Clint Mansell talks to Harry Guerin about his soundtrack for Darren Aronofsky's drug tragedy 'Requiem For A Dream'.

Harry Guerin: You've worked with Darren Aronofsky now on two films: his debut 'Pi', and 'Requiem For A Dream'.
Clint Mansell: My relationship with Darren and Eric, his producer, transcends a working relationship. I met them when I moved to New York and they just had a script and the idea for 'Pi' at the time and they were trying to get the money together to make it. I did a piece of music for the film - just from the script - and they loved it. What they were looking for was just the opening theme and they were going to try and get electronic music for the rest of the film. But they had no money to make the film so that became problematic and every time they lost a piece of music I had to write a piece to replace it. I ended up doing the whole film. When the soundtrack came up for 'Requiem...' Darren just said that he wanted me to do it and I was thrilled.

So did you have as long to familiarize yourself with 'Requiem...'
I read the script a year before they started shooting. Because we're friends I have a lot of time to immerse myself in the ideas of what's going on, that's why 'Requiem...' works so well and 'Pi' worked so well because we spent a lot of time on them. You get the chance to go through ideas and find out what works and what the film needs. Sometimes you might think 'ok, I'm going to do it like this', but when you start seeing the film and you put music to it, things change rapidly and the film starts dictating what it needs. What you originally thought might not be the case.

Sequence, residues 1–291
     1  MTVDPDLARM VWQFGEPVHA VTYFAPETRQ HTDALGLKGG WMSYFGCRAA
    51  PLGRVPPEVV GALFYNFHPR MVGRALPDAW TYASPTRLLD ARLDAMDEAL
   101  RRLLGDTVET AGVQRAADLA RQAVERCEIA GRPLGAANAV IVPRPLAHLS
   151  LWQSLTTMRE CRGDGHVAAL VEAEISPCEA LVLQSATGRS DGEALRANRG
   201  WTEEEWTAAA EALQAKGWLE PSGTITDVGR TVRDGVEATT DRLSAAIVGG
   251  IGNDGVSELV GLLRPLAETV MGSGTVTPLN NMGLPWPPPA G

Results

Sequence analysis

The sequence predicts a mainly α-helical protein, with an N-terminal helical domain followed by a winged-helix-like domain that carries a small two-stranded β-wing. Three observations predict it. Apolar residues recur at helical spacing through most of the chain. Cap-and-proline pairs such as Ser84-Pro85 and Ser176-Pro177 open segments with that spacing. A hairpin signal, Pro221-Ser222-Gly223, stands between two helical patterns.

So how long did it take to write the score for 'Requiem...'?
From the moment I started actually working on it after I first saw an edit of the film, it was probably four months by the time we had it all together and we were happy with. I'm working on other films now and the industry doesn't generally work like that: you come in at the end and you've got six weeks to do a varying amount of music.

Did Darren have clearly defined ideas for the soundtrack of 'Requiem...' or did he leave it up to you?
When we did 'Pi' it was a very contemporary kind of score. The difference with 'Requiem...' was that Darren wanted it to be timeless. I know that's a vague word but he knew he didn't want it to be pigeonholed like 'this is the year 2000'. That was a difficult prospect. When we first started the idea was to use hip-hop and try and get classic hip-hop tracks like KRS-One and Public Enemy. The idea was that were going to try and get those tracks and see if I could remix them into the score. There were many problems involved with that but the biggest was that when we tried it just didn't give the feeling he was after.

Can you give me an example?